Sunday, April 24, 2011

Boys will be Boys

Boys will be boys. That's what people say. But what if your boy isn't a typical boy? My little man never climbed out of a crib or put himself in any kind of serious danger. At 18 months when all the boys were jumping off of things, Jake was playing with a peg board or lining up his cars in color order. Instead of soccer, he likes dancing. Instead of superheroes, he likes playing dress up. There is nothing wrong with my little boy. He is just a boy being a little boy. He is a creative boy and sometimes I feel like so much of the creativity in kids' parties is targeted towards girls. But then I stumbled upon a website that features parties for every kind of boy - the rough and tumble to the not-so rough and tumble. features amazing boys' party ideas from all over the web. And just to make the site a little sweeter, they have a beautiful etsy shop that sells printables for all of your boy party needs so that your boy's party can be as unique as he is.

Here are some of my favorites:
boy's non-scary monster party

boy's vintage race car party

chutes and ladders/game party

Here are some of the awesome products from their amazing etsy shop - I wish I would have discovered this before Jake's birthday party. Maybe next year...

non-scary monster party

outer space/alien/robot party

construction crew party

football/kick-off party (check out the hamburger cupcakes)!
There are so many cool party supplies for sale -from the invites to the cupcake holders. Check it out:

Thursday, April 21, 2011

More Earth Day Fun!

I stumbled across this amazing blog yesterday:
This beautiful, eco-friendly blog, which I found while searching inspired many ideas for earth day. Here are some of the highlights, but be sure to visit it yourself because Kate has generously provided many tutorials that will keep your little ones busy even when earth day is long over.

Here are a few projects you could do in an afternoon that will stimulate your kids imagination in more ways than one:

This beautiful musical instrument is made from a stick, acorn shells and tiny bells. In all, this project costs almost nothing to make. Pure brilliance.

As long as you have already bought the bells, you can do some other projects with them. Here is another. Again, from the same beautiful site:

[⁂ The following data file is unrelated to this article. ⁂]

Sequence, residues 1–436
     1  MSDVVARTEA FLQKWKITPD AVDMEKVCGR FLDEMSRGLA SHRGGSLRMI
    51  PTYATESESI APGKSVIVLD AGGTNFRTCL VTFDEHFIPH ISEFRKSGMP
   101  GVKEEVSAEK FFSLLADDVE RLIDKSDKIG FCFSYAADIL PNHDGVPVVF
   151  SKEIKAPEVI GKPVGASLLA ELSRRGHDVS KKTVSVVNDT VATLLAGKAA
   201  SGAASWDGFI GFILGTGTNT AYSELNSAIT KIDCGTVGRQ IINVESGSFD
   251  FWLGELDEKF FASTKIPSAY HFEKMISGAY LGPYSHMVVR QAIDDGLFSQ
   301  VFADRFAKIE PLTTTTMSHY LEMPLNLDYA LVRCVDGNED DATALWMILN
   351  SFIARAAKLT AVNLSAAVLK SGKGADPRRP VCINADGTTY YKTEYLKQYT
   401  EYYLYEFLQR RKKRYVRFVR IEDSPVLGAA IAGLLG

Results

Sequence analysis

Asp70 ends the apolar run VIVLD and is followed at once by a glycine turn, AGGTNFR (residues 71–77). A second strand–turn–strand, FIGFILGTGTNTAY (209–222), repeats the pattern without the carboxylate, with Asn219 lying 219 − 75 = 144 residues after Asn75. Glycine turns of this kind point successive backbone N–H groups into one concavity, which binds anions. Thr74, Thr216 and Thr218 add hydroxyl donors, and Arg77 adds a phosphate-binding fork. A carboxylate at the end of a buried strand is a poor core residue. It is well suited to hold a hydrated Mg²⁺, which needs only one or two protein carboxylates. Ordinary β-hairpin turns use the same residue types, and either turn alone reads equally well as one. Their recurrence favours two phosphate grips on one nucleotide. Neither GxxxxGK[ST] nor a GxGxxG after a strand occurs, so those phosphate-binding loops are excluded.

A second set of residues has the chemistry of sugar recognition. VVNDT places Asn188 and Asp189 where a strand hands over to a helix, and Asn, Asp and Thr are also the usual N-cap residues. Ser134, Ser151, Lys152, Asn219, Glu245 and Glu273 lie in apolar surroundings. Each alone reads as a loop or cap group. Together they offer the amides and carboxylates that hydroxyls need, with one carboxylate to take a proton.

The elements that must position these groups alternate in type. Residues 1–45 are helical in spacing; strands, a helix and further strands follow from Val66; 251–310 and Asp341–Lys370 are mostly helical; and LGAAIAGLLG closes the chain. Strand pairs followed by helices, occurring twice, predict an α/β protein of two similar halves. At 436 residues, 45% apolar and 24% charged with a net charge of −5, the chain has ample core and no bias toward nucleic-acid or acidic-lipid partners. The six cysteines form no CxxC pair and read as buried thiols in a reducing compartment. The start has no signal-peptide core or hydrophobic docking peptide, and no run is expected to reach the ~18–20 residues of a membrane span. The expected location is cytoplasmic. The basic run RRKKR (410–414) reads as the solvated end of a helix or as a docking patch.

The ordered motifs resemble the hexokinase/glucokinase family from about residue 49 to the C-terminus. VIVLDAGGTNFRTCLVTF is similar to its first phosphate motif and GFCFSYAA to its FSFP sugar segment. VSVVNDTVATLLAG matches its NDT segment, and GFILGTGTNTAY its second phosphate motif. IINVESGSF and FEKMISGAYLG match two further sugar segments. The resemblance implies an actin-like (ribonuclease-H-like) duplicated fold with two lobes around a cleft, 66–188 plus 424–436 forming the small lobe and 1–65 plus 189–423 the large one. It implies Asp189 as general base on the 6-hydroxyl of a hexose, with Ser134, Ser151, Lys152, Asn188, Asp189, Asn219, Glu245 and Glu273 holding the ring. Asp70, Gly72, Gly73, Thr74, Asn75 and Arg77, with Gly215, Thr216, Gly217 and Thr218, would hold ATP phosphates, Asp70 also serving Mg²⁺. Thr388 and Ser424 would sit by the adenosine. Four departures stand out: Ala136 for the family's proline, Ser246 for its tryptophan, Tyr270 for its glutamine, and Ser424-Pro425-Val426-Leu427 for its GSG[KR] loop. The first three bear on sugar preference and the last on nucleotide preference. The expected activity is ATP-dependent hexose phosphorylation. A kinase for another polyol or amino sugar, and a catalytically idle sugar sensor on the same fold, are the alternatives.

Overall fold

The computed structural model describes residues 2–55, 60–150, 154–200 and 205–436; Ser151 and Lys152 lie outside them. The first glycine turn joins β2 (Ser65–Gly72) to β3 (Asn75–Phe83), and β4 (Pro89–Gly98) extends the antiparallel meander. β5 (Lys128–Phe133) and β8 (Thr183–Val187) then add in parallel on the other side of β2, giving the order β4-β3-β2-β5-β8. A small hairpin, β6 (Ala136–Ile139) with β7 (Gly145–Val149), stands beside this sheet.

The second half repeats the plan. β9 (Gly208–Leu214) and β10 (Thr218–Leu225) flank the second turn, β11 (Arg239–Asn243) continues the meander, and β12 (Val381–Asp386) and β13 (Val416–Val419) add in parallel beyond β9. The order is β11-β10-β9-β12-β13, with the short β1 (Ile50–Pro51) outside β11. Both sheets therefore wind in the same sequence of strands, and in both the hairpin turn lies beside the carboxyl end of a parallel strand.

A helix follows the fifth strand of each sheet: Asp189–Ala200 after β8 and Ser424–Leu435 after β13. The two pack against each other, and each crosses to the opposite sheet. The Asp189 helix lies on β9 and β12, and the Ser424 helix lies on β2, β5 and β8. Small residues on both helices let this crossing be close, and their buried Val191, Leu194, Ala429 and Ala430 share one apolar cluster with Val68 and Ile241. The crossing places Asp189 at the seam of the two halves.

And another:

This guitar requires paper fasteners, rubber bands and a cardboard box! Less than a buck and hours of fun!

Wednesday, April 20, 2011

Easy Earth Day Fun

Earth day is just around the corner, and my post today involves teaching kids creative ways to reuse and recycle--there are fun ways to introduce them to lifelong green habits!  Recently, we took home plastic cups from a friend's party and cleaned them thoroughly.  These cups often can't be recycled, so they just sit and fill up landfills.  By making art from them, you are doing your small part to save our planet. Here is how it's done:

First, pre-heat the oven to 225 degrees. Cut the cups in a circle along the outside lines or ridges.  Next, you can color the bottom of the cups with any type of permanent marker.  For this activity, we wanted to use the entire cup, so we made little planet earths and planets as well as some dress-up bracelets.  If you want to make a mobile or hanging sculpture, you should punch holes through the cup BEFORE you put it in the oven. Heating the plastic thickens and shrinks it, but it only takes one minute and barely smells at all. Once the plastic is colored with marker, the plastic goes in the oven for less than one minute. You should watch the cups through the window of your oven to make sure they do not shrink too much. Here are some pictures showing how we made unique earth day crafts:

You will need the following:

recycled cups
scissors for cutting the cups

sharpies or any permanent marker works well

 Here are the steps:

cut the cup into three parts - bottom part is for making the globe and the middle and top parts will be dress-up bracelets
using green and blue permanent markers, make the planet earth 

He is also coloring the top ring of the cup to make bracelets for his sister

taping down the ring stops it from moving

ready for the oven

our plastic planets


Our new dress up bracelets

After completing our cutting of the cups, we had so many plastic scraps from the middle parts of the cups and I just didn't feel right about throwing them out.   I had Jake color the scraps green and blue.  Then I cut them into tiny pieces and put them into the oven. With the cooked pieces and a recycled take-out container, we made a mixed-media "Earth" window hanging. It is transparent and takes on the appearance of "stained glass."  Jake had fun making it and I think it turned out beautiful.